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THE FINEHL'UST OUTLOOK.
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A party of gentlemen flom our village
took part in a doer hunt ut Powell's
preserve one daj- last week. This pre
serve is located not far from town, but
it took the gentlemen some time to arrive
at their destination as they wandered
into the paths which lead to a different
section of the preserve from the one the
dogs were at. Among the party were two
photographers armed with their cameras
intent on getting a shot at a deer with
this harmless, yet trusty instrument.
On arriving at the desired location sev
eral who had guns, were posted at points
where it was thought the deer might
cross, and the dogs, which were thorough-bred
deer hounds, were turned
loose under the direction of Mr. Andrew
McLeod, the veteran deer hunter of
Xorth Carolina. When Andrew is around
one is sure of getting a sight of deer and
this day was no exception to the usual
rule. The dogs were hardly out of leash
than they took the track of a deer, and
soon the music of the hounds could be
heard as they were hot on the trail of a
large buck. No one that has never heard
the music of the hounds as they follow
their prey, can have any idea of how-
sweet it sounds to the hunter as he
stands alert at his post knowing the
game is rapidly approaching his position,
how every moving limb of some low
bush is eagerly watched to see if it is the
deer or the disappointment which he
feels when the deer having winded him
or by some subtile instinct been warned
of danger, turns a little and is not
sighted, and the baying of the hounds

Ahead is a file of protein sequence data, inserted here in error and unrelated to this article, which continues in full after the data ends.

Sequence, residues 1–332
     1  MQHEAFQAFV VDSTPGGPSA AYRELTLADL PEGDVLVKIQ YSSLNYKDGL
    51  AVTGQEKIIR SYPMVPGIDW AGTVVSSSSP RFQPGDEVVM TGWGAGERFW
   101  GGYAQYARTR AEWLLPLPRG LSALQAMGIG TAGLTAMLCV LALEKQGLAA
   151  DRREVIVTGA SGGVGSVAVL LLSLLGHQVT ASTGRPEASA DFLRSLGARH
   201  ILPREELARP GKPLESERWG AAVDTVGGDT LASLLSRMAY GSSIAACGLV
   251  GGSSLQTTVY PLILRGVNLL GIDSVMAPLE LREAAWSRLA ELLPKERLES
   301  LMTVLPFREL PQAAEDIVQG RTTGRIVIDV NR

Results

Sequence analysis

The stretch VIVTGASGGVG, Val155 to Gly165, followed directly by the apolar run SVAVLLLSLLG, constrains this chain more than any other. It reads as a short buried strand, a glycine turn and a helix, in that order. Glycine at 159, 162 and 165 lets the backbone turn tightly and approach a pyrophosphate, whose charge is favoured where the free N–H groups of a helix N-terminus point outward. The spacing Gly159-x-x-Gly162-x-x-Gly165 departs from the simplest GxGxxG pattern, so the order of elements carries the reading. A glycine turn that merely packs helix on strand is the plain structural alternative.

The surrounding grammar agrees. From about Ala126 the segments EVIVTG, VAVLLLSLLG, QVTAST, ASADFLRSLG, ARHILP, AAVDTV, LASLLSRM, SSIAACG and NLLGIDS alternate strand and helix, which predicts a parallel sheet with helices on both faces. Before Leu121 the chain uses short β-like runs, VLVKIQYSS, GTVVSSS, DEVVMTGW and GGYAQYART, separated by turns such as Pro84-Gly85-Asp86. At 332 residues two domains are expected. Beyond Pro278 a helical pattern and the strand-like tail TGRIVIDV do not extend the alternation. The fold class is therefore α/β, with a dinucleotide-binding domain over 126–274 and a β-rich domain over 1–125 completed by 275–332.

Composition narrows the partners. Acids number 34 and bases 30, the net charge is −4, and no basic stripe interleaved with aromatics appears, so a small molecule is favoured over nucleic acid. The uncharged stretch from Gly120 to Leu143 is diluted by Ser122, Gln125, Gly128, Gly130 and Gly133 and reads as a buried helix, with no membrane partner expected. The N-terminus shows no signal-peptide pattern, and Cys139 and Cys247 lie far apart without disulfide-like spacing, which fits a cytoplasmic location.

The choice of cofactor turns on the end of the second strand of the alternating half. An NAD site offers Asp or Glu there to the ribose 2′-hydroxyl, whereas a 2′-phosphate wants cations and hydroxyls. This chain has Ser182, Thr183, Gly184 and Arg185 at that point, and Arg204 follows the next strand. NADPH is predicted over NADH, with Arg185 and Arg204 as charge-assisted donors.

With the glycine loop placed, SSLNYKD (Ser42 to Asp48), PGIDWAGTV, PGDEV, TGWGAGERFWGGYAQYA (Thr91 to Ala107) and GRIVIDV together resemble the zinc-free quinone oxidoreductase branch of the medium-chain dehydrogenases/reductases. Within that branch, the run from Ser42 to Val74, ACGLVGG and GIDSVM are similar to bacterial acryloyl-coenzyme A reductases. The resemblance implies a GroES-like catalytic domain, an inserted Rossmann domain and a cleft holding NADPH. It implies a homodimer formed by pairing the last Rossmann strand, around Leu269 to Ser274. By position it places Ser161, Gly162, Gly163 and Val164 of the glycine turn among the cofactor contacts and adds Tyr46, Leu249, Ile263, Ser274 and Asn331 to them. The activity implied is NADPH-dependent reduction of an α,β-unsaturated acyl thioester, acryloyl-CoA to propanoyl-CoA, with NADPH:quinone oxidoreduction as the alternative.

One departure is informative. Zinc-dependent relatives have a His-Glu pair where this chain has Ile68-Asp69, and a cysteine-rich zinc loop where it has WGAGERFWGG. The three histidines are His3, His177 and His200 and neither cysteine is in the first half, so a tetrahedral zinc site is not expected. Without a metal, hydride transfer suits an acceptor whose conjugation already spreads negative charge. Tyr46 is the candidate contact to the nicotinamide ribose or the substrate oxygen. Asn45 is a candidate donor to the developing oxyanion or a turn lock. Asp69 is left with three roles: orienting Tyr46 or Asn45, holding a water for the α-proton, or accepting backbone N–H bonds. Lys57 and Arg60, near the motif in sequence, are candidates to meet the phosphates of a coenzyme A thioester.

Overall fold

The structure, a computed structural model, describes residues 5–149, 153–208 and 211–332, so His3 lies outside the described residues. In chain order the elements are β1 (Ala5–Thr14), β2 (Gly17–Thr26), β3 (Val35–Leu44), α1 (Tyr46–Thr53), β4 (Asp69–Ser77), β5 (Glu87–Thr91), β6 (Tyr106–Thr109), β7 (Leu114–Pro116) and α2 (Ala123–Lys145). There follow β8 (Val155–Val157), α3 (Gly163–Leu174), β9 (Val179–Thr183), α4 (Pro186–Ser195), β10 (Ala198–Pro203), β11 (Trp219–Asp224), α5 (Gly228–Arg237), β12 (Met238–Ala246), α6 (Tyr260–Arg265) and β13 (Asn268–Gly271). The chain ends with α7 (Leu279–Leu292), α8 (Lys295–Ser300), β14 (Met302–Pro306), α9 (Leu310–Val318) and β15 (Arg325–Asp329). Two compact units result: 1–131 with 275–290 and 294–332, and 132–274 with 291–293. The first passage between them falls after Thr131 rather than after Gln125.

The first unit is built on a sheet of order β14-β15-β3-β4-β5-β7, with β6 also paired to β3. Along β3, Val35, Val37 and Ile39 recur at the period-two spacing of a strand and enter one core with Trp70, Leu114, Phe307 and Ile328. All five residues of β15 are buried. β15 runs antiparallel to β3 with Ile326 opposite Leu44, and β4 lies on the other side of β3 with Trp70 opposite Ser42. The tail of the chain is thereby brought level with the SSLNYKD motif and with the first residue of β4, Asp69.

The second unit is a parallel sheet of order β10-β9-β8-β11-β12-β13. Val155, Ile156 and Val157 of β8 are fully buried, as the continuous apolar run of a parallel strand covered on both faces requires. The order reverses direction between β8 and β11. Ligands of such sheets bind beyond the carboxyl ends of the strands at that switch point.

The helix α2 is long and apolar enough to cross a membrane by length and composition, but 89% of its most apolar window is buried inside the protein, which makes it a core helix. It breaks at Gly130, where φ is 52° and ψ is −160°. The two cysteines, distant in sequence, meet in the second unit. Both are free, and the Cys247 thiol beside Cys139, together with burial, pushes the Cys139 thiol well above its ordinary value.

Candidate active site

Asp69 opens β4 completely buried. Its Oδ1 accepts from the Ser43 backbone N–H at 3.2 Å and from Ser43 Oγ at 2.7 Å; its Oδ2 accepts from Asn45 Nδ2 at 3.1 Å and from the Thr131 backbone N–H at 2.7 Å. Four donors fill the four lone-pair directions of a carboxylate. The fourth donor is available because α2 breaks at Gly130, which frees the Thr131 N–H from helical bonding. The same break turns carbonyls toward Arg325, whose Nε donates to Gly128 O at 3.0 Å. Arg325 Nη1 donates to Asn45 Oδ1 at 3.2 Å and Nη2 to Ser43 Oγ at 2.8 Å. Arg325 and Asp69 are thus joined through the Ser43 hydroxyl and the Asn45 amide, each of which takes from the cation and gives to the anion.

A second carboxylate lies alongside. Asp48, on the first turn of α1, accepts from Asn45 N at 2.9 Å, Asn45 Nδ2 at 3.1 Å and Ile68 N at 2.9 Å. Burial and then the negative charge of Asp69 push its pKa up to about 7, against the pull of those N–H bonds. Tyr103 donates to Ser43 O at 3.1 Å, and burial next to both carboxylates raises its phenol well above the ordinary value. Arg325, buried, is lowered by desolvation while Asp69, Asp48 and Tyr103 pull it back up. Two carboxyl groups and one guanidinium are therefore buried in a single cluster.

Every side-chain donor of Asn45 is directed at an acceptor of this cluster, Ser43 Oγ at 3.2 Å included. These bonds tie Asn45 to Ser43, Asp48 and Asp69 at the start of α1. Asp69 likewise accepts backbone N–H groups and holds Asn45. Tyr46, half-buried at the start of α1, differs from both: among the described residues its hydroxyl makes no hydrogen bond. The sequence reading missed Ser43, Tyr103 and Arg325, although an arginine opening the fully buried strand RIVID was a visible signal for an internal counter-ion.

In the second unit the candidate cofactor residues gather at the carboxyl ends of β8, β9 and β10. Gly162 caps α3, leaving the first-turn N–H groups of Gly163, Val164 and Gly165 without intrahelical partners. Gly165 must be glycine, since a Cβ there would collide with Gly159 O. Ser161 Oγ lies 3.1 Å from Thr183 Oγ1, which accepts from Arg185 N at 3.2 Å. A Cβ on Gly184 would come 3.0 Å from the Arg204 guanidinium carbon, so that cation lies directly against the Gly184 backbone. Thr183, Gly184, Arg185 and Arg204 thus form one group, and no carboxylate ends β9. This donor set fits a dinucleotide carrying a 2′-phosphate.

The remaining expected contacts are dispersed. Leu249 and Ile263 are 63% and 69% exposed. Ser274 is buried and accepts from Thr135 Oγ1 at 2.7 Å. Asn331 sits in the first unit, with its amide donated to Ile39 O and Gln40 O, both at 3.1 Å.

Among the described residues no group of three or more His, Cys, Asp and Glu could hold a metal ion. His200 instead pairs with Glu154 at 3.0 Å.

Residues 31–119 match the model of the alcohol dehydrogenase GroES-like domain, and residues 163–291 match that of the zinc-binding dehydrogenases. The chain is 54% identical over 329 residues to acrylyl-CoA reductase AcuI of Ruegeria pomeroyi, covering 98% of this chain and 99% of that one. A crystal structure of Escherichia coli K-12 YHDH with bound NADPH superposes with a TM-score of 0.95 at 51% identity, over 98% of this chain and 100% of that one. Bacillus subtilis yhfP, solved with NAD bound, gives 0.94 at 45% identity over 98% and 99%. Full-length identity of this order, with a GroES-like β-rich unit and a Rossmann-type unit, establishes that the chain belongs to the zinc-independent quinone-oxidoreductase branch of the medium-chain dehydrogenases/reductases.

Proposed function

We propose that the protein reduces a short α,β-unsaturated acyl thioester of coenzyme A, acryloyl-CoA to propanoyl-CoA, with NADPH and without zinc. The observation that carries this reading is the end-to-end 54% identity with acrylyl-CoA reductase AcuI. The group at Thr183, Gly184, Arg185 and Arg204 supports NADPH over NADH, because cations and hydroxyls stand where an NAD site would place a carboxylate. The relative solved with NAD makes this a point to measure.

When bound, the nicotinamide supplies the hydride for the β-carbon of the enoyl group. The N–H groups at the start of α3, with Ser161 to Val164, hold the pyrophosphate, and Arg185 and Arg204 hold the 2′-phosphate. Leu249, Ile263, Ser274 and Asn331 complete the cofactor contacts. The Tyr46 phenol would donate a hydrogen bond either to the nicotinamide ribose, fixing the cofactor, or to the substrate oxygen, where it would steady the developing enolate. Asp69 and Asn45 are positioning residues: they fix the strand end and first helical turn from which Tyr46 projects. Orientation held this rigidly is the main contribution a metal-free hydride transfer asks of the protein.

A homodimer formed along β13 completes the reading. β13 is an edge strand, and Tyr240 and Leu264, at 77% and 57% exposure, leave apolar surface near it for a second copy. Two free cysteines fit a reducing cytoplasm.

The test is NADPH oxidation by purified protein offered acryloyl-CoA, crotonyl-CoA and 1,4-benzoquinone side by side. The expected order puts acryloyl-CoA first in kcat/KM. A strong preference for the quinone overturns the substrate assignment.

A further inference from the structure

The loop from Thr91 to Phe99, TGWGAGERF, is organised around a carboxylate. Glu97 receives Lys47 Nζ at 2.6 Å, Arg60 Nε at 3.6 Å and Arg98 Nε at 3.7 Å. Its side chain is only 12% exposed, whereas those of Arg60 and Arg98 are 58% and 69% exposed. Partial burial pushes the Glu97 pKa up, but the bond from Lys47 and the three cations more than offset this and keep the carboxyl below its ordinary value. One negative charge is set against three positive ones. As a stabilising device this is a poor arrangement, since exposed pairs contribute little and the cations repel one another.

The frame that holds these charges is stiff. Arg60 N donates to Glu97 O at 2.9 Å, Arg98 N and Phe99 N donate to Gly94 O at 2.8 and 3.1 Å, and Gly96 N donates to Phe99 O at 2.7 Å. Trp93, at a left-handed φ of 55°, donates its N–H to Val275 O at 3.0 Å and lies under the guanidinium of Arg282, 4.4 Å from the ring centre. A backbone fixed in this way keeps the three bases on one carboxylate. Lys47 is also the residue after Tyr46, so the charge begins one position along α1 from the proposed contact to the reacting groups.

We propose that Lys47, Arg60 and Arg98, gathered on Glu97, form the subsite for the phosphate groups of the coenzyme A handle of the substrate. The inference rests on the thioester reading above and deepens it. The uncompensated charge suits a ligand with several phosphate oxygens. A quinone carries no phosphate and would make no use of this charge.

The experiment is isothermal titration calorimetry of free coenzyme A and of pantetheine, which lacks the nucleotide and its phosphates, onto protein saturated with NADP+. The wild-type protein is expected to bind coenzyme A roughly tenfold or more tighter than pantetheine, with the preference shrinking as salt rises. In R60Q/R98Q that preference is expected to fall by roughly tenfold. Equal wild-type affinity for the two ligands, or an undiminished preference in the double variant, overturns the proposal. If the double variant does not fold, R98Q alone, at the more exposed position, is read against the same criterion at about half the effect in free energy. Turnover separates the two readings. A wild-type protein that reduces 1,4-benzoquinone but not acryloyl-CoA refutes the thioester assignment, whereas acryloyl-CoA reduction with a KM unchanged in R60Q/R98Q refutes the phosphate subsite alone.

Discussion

rapidly grows fainter in the distance.
But one man's loss is another's gain, and
so it was this day, and it was a noble
buck with wide spreading antlers which
greeted a number of the sportsmen as he
came into the opening. Did you ever
see a deer as he suddenly stops affrighted
at the sight of his worst enemy man.
He stops to see this strange animal which
stands in his way he is confused and
knows not which way to seek safety in
flight, and his hesitation costs him his
life for the clear-headed hunter has been
watching for just this opportunity, and
it is not lost. The gun is instantly raised
to the shoulder and at the same instant
comes the loud report, one last quick
spring and the beauty of the forest falls
dead. Congratulations are given with
good will to the fortunate sportsmen, for
there is no jealousy among these gentle
men, each knowing that he will share in
the juicy steak, and just as freely as he
would give, he will also be given. One
other deer was started but lost, as the
DIXIXG ROOM AT THE IXX.
animal sought safety in the river, where
he swam down the current with just the
tip of his nose out of water and the dogs
close behind him, but dog or man has
no chance with a deer in the water, and
he effected his escape.
Powell's preserve is a vertible sports
man's paradise. Here wild turkey
The American ttolf Uirl oiiiparrw i
Iter English Cousin.
The clever showing made by several of
our women golfers during the past week
materially prompts the inquiry as to how
American girls compare with their golf
ing cousins abroad. As a rule the Eng
lish girl golfer handles her driver with
more effectiveness than the American
girl, while the latter has better control
of her short iron shots, and as a rule
makes a better showing on the putting
greens. Hut while golf has been so
widely popular among the women of
both countries the result of a number of
seasons would seem to show that the
younger girls are the only ones who can
hope for any great measure of success.
Golf is a game which requires the
lithesome muscles and freedom of motion
which belong to youth. This is true of
both sexes, but more particularly of the